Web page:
Telltale’s Game Of Thrones Episode 4 Review

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The Game Of Thrones

When I started Sons of Winter, I expected more of the same mechanics from the other episodes. Maybe a few dodge and chase sequences, some glancing at inconsequential buckets, that sort of thing. I was pleasantly surprised with the most interesting gameplay the series has offered so far.

The episode starts off slow, but you eventually take control of each character (some more than once) for either a fight scene, or some exploration. For the combat sequences, you’re thrown right in with very little prep time, and it’s fast-paced. Once again, the game is very forgiving. If you die, you start over just before the point where you fell. Sometimes, failure doesn’t matter and the game proceeds accordingly. Nonetheless, the speedy reaction times were in keeping with the action of the story; it felt real and kept me on my toes.

Especially exciting are two stealth sequences–one in the middle, and another toward the end. The first is fairly short, but the second plays like something out of an Assassin’s Creed mission, where you hide behind obstacles and take out opponents one by one. It was one of the most fun parts of the game. The nature of Game of Thrones is that all your choices matter, even in combat, and I was constantly strategizing and calculating my next move as fast as I could.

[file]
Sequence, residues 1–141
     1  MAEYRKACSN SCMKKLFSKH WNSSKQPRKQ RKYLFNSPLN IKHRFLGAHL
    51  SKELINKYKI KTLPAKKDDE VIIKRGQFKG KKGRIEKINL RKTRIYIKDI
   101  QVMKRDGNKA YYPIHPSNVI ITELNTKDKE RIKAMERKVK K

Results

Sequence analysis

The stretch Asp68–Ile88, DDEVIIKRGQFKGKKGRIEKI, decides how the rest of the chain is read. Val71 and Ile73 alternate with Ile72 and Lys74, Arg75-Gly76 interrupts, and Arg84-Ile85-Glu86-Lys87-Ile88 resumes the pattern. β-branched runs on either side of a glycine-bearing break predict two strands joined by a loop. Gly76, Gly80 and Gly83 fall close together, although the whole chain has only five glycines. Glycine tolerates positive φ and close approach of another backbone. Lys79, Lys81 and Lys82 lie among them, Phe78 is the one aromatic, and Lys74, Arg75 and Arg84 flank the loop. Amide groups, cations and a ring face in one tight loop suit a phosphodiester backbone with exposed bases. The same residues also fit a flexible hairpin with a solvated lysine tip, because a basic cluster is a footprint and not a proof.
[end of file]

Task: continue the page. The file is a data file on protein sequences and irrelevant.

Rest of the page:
There are a few moments for exploration, each with more significance than has been allotted to them in previous installments. The best one is Mira’s, where you are given a directive to find out a piece of information and must use your best lying, schmoozing, and eavesdropping skills to collect that information without making a scene. The second best one is almost entirely skippable, and you may not even catch its significance if you don’t complete it. Exploring thoroughly, however, leads you to a piece of information vital to walking triumphantly away from the climax of the story.


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Telltale’s Game of Thrones continues to tell me a good story four episodes in, with improved gameplay and plenty of surprises. My interest, however, is waning. The further the series progresses, the more railroaded the plot feels and the less agency I seem to have. Maybe by the end it will be more apparent that my choices matter, but if the lack of any unique consequences for my actions continues, then the Forrester’s eventual doom or salvation will be rendered lackluster.

Pick it up, Telltale, I’m waning fast.

A copy of this game was provided to GameSided for the purpose of this review. Click here to learn more about our Review Policy.